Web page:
Jamie Highfill is mourning the six weeks’ worth of poetry she removed from her eighth-grade English class at Woodland Junior High School in Fayetteville, Ark. She also dropped some short stories and a favorite unit on the legends of King Arthur to make room for essays by Malcolm Gladwell and a chapter from “The Tipping Point,” Gladwell’s book about social behavior.
“I’m struggling with this, and my students are struggling,” said Highfill, who was named 2011 middle school teacher of the year in her state. “With informational text, there isn’t that human connection that you get with literature. And the kids are shutting down. They’re getting bored. I’m seeing more behavior problems in my classroom than I’ve ever seen.”
Sandra Stotsky, who from 1991-97 was the editor of Research in the Teaching of English, published by the National Council of Teachers of English. She was also in charge of developing and revising Massachusetts’ 2001 English Language Arts Curriculum Framework.
These are people who know their stuff. In The Dying of the Light, Esolen describes why poetry is critical to the full realization of a child’s humanity; Highfill describes the three-part process by which poetry has traditionally been taught in American schools. Stotsky traces the history of the poetry curriculum in this country’s public schools.
But the Common Core doesn’t set curriculums, and there is nothing stopping districts from building their own programming on top of the federal standards. In fact, Massachusetts did just that by adding the writing of poetry into the state curriculum and by folding in the list of recommended poets the Commonwealth created back in 2004. Ensuring that poetry gets taught in public schools is the responsibility of local school districts, just as it was before the Common Core.
The Globe editorial, written by Noah Guiney, is buying two arguments here: First, that states can add as much state-specific (non-Common Core) material as they want into their own versions of the Core and their local curricular interpretations of the Core. I’ve encountered this argument in many states around the country, especially when state superintendents or commissioners of education are trying to evade legislators’ questions. (In Utah, former state superintendent Larry Shumway lost his job for repeatedly telling legislators that they would add 40%, even 50% more state-specific content to their version of Common Core.) Proponents often try to rebut our view that the Core actually provides little flexbility with trite statements like “there are no Common Core police.”
It is true that Common Core is not a curriculum — in a very technical sense. A technical sense because there are, in fact, a good number of highly specific standards, e.g., early-grade math standards that impose curricular choices in terms of math methodology, high school geometry curricular paths, and more. In addition, the applications from the two testing consortia (PARCC and SBAC) to the USED for federal funding include in them explicit recognition that they will be developing curricular materials and instructional practice guides. (By the way, that’s in violation of three federal statutes, but I digress.) But the larger point to make regarding how prescriptive the Core is gets to the second argument that Guiney is buying.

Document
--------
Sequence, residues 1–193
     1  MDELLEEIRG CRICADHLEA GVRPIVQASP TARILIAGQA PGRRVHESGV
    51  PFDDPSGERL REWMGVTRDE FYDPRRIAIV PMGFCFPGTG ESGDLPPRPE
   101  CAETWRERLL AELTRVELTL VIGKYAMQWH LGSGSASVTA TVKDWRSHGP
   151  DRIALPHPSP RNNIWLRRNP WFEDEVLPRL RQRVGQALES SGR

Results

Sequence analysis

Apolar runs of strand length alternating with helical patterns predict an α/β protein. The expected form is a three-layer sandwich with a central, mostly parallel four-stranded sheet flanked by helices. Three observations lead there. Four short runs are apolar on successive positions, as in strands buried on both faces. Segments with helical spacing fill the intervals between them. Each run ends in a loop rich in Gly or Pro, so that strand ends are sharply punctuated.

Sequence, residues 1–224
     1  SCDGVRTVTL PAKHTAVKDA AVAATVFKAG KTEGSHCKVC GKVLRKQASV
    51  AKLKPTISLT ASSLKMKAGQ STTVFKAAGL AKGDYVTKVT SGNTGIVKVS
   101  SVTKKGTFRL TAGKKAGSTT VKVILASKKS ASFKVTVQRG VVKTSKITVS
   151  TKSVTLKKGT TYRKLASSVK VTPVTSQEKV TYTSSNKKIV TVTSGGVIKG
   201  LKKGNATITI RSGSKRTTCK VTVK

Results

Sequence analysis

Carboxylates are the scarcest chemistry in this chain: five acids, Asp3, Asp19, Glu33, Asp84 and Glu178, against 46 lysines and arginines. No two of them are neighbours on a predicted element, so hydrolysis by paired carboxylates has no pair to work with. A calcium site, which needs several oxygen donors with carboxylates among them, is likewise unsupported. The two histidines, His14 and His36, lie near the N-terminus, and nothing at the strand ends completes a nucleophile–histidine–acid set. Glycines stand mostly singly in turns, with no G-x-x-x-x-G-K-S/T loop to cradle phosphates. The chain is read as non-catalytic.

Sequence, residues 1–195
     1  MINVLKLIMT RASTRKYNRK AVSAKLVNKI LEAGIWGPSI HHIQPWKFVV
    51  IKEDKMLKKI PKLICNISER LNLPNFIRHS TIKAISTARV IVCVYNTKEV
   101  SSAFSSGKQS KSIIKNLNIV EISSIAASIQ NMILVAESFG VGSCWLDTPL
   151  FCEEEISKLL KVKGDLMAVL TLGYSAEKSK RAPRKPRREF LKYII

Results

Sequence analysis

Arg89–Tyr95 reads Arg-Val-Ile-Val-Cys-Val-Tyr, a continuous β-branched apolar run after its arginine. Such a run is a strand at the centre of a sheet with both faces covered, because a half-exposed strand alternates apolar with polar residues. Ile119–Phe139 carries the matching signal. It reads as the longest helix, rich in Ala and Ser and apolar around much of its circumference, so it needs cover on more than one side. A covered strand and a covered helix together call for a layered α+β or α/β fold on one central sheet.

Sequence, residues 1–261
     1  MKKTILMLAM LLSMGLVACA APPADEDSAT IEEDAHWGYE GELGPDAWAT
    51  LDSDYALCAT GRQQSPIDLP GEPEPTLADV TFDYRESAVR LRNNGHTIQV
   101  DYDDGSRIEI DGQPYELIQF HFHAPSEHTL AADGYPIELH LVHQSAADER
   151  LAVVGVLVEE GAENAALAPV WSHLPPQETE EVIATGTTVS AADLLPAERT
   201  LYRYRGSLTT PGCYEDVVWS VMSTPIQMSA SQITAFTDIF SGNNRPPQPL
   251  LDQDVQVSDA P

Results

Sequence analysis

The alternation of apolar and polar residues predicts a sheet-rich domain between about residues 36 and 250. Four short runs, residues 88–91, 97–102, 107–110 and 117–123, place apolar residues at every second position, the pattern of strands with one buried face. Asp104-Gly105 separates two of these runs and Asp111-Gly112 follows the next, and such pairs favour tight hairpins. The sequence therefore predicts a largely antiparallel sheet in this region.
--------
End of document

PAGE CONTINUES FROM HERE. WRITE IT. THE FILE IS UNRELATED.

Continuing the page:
Guiney seems to believe that academic standards are purely theoretical. He completely glosses over the existence of Common Core-aligned tests and teacher evaluation systems. While it is true that standards do not drive specific curricular choices when they are not tied to a test, that is not the world that we live in. With Common Core -aligned tests, such as PARCC or SBAC (and Massachusetts is to be part of PARCC), the only material that will be tested is to be found in the Common Core standards. To be clear, the PARCC test will not test state add-ons, whether poetry, classic literature, Euclidian geometric concepts, trigonometry or pre-calculus. The add-ons are at best of minor influence in the early years of implementation; after a couple of years, as tests and accountability measures take hold, they will be of paltry little influence. That is even more so as the teacher evaluations, which are in part built on student performance on the PARCC (or SBAC) test, take hold.
Teachers will indeed teach to the test. It is in their self-interest. As Margaret Spellings used to say, “you measure what matters.” And then there is the corollary effect: What you measure matters. It is what gets teaching emphasis. And with that, the poetry add-ons will go. Math beyond Algebra II will go except in the wealthy districts, etc.
By accepting these arguments, Guiney is making a claim of his own: He is implicitly claiming that superintendents, principals and teachers are going to spend class time on things that aren’t on the PARCC test. He is claiming that they will spend time on the add-ons even when teacher evaluations – and possibly employment – are premised on improvements on test scores. And why would they do that? Is it because they have the best interests of the students at heart? Perhaps because they are courageous innovators? In the real world, self-interest and career advancement will trump poetry.
The only places where teachers will still teach high-quality liberal arts content with a strong offering of classical poetry are the wealthiest communities and prep schools like Milton Academy. And the reason is that they have a higher accountability than to tests – they see themselves as getting kids into elite schools.
For parts of the Bay State where there is less accumulated wealth and where not every kid aims at an Ivy League school, expect less literature and expect less poetry. This is the undoing of Tom Birmingham’s vision of education, which was again that kids in Chelsea deserve access to a high-quality liberal arts education every bit as much as do the kids in MetroWest’s “W” communities.
We’ve seen so many fads in American education over the decades. Birmingham’s was the only vision that actually moved the needle strongly in the US. It’s unfortunate that the Globe is blind to that.
Follow me on twitter at @jimstergios, visit Pioneer’s website, or check out our education posts at the Rock The Schoolhouse blog.